By Matthew Murray
Live virtual delivery? Tempting, isn’t it? But how do you hold onto the core elements that have made classroom workshops so effective: deep dialogue within teams, facilitation that adjusts to the dynamics of participants, strong networking and interpersonal communication opportunities.
You can go virtual without losing impact. Going completely virtual requires you to rethink what you can accomplish and demands you to redesign your sessions (make them shorter, incorporate more interactive exercises, and optimize the virtual classroom environment). Or you can go hybrid -- keeping the impact and reducing the shift in focus.
One approach we’ve found to be highly successful combines face-to-face local teams that are virtually connected with other teams and a lead facilitator. The exchange between the dispersed locations can be through videoconference, virtual classroom, or smart rooms. The key benefit is that this approach maintains the high-touch of the face-to-face with the reach and flexibility of the virtual. For the highly experiential and action-oriented sessions that BTS provides, we cycle between exercises and simulation rounds run in local, face-to-face teams with virtually-facilitated know-how sessions and debriefs. By varying the flow – and limiting the virtual interchanges into manageable chunks – day-long and multi-day workshops that hold interest and build engagement are entirely possible.
The flexibility and scalability of the system is key. It allows you to add local sites easily and split larger groups in high volume locations into multiple smaller teams. IT managers will appreciate the reduced network bandwidth requirements (one connected laptop per location). Facilitators benefit from the live presence of participants in their location. A richer participant experience can be achieved by taking advantage of locally-distributed expertise that can be easily shared with the broader virtual group.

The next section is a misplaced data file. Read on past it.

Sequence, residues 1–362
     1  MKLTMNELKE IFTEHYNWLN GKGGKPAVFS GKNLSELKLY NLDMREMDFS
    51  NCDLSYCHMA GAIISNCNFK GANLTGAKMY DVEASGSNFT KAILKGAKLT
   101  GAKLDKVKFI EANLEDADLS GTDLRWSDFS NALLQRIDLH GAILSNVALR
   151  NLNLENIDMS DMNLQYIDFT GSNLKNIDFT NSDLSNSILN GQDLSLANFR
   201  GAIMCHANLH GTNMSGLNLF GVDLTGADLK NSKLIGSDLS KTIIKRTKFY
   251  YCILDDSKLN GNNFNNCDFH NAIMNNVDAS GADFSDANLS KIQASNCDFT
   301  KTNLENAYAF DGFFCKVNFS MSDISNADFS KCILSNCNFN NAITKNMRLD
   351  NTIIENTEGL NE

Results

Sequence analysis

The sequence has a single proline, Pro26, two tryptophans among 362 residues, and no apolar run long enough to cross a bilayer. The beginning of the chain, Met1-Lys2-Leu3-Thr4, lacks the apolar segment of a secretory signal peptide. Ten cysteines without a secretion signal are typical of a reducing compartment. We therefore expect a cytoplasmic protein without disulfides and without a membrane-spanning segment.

The following are 4 important keys for successful virtual deliveries:
- Focus on team interactions at the local level: Don’t introduce virtually participating individuals into the mix – it’s too hard for facilitators to engage them, they don’t benefit from the team activities, and the session design for completely virtual classroom delivery should be very different.
- Design for virtual delivery: You can’t just take a classroom workshop design and drop it into this format – you have to redesign it to ensure that all sites are participating equally, the technology becomes invisible (or enhances the learning), and the facilitators can establish a virtual presence.
- Organize key parties for success: Local facilitators/moderators/team leads are a must – this is the primary difference between local sites that become cohesive and participate with their virtual counterparts, and those that remain disconnected and remote.
- Manage time for optimal engagement: Stagger breaks and durations to accommodate time zones – 6-hour sessions fit well for east and west coast locations, 2 extended breaks allow for bi-coastal lunches.
About the Author: Matthew Murray is a Director at BTSinteractive.
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